School social workers provide unique services to students, families, and schools in order to help students attain maximum benefits from the school program. Services focus on uniting the efforts of home, school, and community on behalf of students. School social workers contribute to programs for students at risk because of disabling conditions, substance abuse, teen pregnancy and parenting, poverty and unemployment, emotional problems, suicidal behavior, poor attendance, or dropping out of school.

 

Services to Students and Parents

  • Assist families in understanding their children's educational needs and in taking advantage of appropriate school and community services.
  • Provide extensive outreach services, including home visits, to students and parents to help resolve school-related problems and conflicts.
  • Help students overcome barriers to regular school attendance. Dropout prevention and retrieval require early intervention strategies and linking students and their families with school and community resources
  • Serve as a primary school liaison between community agencies and other professionals serving students and their families.
  • Provide socio-cultural assessments of students being evaluated for special education services.
  • Conduct a variety of parent education activities geared to supporting and strengthening the school-parent relationship.
  • Provide ongoing case management for students and families in complex and multi-problem situations.

Teamwork with School Personnel

  • Serve on multidisciplinary Child Study and Eligibility meetings in all schools.
  • Consult with teachers to develop intervention strategies with individual students.
  • Collaborate with teachers, administrators, and other school personnel to provide effective instructional support services to marginally performing or high-risk students.
  • Contribute to the development and implementation of Individualized Education Programs (IEP's) for special education students, 504 plans for students with disabilities, and Student Education Plans for regular education students.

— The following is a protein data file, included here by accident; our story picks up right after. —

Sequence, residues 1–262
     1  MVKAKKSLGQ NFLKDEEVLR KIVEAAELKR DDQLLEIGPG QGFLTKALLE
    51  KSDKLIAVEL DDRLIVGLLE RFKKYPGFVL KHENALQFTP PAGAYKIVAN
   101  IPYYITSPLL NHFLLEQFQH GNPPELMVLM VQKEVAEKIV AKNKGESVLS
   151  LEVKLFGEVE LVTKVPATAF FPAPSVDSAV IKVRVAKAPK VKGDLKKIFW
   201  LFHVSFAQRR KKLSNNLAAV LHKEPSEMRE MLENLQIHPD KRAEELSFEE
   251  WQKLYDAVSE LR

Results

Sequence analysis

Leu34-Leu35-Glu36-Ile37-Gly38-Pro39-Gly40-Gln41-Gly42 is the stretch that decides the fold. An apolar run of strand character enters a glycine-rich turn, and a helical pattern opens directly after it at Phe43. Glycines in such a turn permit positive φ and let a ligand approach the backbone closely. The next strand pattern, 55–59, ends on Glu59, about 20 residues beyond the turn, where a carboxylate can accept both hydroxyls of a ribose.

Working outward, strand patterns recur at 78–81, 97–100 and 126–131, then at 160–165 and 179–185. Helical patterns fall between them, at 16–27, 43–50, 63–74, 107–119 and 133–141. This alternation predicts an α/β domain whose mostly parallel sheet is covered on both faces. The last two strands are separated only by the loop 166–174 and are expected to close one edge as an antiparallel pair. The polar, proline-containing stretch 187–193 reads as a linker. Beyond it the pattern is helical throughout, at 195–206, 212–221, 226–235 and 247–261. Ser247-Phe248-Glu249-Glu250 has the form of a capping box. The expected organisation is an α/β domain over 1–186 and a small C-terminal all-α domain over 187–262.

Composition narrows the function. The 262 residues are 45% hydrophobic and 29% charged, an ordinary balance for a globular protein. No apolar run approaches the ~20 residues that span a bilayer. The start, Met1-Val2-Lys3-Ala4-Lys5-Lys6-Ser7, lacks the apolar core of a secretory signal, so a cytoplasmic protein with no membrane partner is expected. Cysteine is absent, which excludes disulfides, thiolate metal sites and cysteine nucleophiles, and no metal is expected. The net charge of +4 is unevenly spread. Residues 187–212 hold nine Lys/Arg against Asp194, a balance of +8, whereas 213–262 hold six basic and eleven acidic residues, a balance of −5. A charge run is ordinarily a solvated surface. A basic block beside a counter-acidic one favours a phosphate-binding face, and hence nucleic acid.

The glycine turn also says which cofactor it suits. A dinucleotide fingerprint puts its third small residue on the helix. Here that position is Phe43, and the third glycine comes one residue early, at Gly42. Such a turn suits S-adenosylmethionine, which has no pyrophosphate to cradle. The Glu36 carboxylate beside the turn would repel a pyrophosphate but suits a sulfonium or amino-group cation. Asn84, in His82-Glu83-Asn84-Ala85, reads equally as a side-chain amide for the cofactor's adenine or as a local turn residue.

• Assist administrators in the resolution of disciplinary problems.
  • Participate in causal hearings for special education students.
  • Serve on task forces and committees that develop programs and practices, particularly those affecting at-risk students.
  • Serve on school crisis teams.
  • Conduct a variety of in-service training activities on such topics as effective communication with parents, cultural difference in families, barriers to attendance, children who are withdrawn or disruptive, classroom management, and social skills training.
  • Perform observations of students for informal and formal assessments.
School-Community Relations
  • Participate as school representative in specialized community activities to help identify and develop resources for troubled students.
  • Maintain ongoing communication between schools and community agencies to promote positive working relationships between agencies (i.e., inter-agency staff meetings).
  • Provide case management for students requiring interagency collaboration through the Community Assessment Team (CAT).
  • Facilitate surrogate parent procedures for children in foster care.
  • Coordinate truancy with Police Department.
  • The department provides placement and supervision of graduate-level interns from the Virginia Commonwealth University School of Social Work.
Professional school social workers are dedicated to the disciplined use of a recognized body of knowledge for the practice of social work in the schools. In Virginia, the required academic degree for entry into school social work is the Master of Social Work from an accredited graduate school. Two years of graduate study and year-long internships are required for this degree, and further graduate courses in education are needed for certification to practice in public schools in Virginia.

 

Each year the Henrico School Social Work Department is used by Virginia Commonwealth University to place graduate M.S.W. candidates for their second year internships. Members of our department act as adjunct faculty by providing the field experiences and supervision required for state certification. For over 20 years, we have provided this supervision to over 80 master's level school social workers. This year the School Social Work Department is providing training and supervision for four VCU M.S.W. Candidates.

return to top



Psychological Services

School psychologists in Henrico County Public Schools help students, teachers and families work together to improve student learning in academic and social areas which are essential to long term career success and quality of life adjustment.

 

Services Provided

  • Consultation with parents/teachers/administrators to address barriers to learning
  • Psycho educational assessment of children from preschool through 12th grade
  • Prevention/intervention in areas such as bullying, suicide, anger management and self-esteem
  • Individual and group counseling
  • Teacher in-service and parent education training
  • Crisis intervention
  • Intern supervision

Parent/Teacher Resource

Staff Qualifications

  • Every school psychologist has an advanced graduate or doctoral degree which includes a one year supervised internship.

Our Staff Includes

  • Five doctoral level school psychologists
  • 1 Supervisor
  • Twenty-two full-time and one part-time school psychologists


TransportationSchool LocatorBoard DocsHCPS TVEmail SearchWebmailHCPS Link